Southern California Earthquake Data Center

Significant Earthquakes and Faults

Chronological Earthquake Index

Landers Earthquake

Type of Faulting: right-lateral strike-slip
Time: June 28, 1992 / 4:57:31 am PDT
Location: 34° 13' N, 116° 26' W 6 miles north of Yucca Valley
Magnitude: MW7.3
Rupture Length: 85 km (53 miles)
Faults Ruptured: Johnson Valley, Landers, Homestead Valley, Emerson, and Camp Rock; several other faults experienced minor rupture, rupture during large aftershocks, or triggered slip
Average Slip: about 3 to 4 meters; maximum slip of 6 meters
Depth: 1.1 km
Largest Aftershock: Big Bear earthquake, MS 6.4
View rupture movie

 

 

(Click thumbnails for more information)

 

At magnitude 7.3, the Landers earthquake was the largest earthquake to hit Southern California in 40 years. Centered in the Mojave Desert, approximately 120 miles from Los Angeles, the earthquake caused relatively little damage for its size.

The power of the earthquake was illustrated by the length of the ground rupture it left behind. The earthquake ruptured 5 separate faults: Johnson Valley, Landers, Homestead Valley, Emerson, and Camp Rock faults. The total rupture length was ~85km (53 miles), and the faults slipped from 2 meters (~6 ft) to a maximum of 6 meters (~18 ft). Nearby faults also experienced triggered slip and minor surface rupture.

This map shows the topography and some major landmarks of the area around the Landers epicenter, which is shown as a green star with a white outline. The surface rupture caused by the earthquake is shown in red. Major highways are labelled and shown in blue.


 

Landers Surface Rupture
A view of the surface rupture caused by the Landers quake,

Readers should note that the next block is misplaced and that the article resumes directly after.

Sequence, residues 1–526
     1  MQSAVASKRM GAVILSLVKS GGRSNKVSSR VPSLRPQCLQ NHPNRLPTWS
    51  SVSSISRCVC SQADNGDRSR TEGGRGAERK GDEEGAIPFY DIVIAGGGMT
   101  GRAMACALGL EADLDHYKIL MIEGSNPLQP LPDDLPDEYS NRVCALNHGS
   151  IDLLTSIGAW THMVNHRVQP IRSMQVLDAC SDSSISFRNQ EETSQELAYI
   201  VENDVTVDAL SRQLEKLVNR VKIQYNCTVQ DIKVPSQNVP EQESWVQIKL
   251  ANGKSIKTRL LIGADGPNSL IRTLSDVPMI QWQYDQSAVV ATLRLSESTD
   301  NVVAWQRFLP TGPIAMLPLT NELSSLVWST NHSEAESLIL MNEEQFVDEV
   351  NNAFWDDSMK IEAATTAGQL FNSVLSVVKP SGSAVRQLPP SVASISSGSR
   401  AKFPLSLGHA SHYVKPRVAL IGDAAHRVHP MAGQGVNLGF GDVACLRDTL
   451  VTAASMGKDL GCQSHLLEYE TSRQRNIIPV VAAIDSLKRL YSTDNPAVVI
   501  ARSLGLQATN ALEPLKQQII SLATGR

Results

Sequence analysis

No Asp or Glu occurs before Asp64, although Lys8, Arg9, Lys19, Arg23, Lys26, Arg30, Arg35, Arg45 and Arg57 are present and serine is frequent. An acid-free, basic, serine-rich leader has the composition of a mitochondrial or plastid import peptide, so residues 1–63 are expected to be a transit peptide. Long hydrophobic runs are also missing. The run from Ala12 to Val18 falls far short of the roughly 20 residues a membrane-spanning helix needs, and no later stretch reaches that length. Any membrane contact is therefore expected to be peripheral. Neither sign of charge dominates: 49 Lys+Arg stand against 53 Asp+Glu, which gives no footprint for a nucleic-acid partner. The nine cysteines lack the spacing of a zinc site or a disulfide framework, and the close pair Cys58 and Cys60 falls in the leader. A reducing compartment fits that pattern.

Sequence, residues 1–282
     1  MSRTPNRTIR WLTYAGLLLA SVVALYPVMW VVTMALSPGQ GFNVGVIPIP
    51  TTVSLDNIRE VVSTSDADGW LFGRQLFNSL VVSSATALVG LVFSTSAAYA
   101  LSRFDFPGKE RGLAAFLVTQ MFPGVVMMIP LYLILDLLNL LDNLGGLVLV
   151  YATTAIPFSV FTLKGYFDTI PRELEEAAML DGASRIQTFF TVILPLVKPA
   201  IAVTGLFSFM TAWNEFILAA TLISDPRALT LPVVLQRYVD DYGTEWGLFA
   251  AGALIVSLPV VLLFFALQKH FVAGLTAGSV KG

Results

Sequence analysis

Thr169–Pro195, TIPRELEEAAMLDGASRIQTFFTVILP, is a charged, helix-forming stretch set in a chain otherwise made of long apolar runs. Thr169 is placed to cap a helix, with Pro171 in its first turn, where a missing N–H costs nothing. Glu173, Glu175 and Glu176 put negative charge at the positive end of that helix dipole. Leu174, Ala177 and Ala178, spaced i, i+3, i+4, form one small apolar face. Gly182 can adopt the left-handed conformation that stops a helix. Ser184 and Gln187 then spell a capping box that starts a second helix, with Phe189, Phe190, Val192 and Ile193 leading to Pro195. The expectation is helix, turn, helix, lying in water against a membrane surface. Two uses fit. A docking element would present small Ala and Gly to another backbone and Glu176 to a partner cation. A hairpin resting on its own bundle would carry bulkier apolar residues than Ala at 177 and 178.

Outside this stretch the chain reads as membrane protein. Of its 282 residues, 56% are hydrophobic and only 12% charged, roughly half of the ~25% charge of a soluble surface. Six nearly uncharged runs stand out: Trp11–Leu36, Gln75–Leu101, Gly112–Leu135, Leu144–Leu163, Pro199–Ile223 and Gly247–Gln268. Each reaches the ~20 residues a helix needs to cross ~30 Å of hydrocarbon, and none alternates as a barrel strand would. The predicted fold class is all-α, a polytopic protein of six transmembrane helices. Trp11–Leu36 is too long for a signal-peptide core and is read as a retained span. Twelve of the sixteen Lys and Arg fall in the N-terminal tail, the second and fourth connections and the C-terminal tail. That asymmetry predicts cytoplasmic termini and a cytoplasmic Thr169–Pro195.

in some of the wide-open areas of the Mojave Desert.

 


Landers Surface Rupture

Another view of the surface rupture caused by the Landers quake, in some of the wide-open areas of the Mojave Desert. (photo: Ta-Liang Teng)

Landers Surface Rupture

This dry lake bed, or playa, in the Mojave Desert was torn by the surface rupture of the Landers earthquake. (photo: Helen Qian)


Damage to Highway 274
The surface rupture of the Landers earthquake tore across the
pavement of Highway 247, showing strike-slip offset quite dramatically.

 


Damage to Highway 274
Surface rupture produced left and right offsets in the asphalt of
Highway 247, about one-half mile south of Reche Road

 

Landers Earthquake Damage
A view of a tower -- one that stood directly atop the surface rupture
of the Landers earthquake, and was consequently sheared and twisted
by the sudden horizontal offset. Remarkably, the tower did not collapse
despite the damage it sustained.

 

Landers Surface Rupture
Several meters of offset can be seen at the place where the
Landers rupture crossed this dirt road, one of many similar
sights along the rupture path.

 

Landers Surface Rupture
Obvious right-lateral offset with a noticeable vertical component
is shown by this berm on the side of Garrison Lane.

 

Chain-link fences in the Landers area served as excellent
markers, not only of the location of surface rupture, but
also its extent. (photo: Helen Qian)

 

Parking spaces at the Country Gospel Church near
Highway 247 and Eureka Road in Landers were quite
noticeably offset by the surface rupture.

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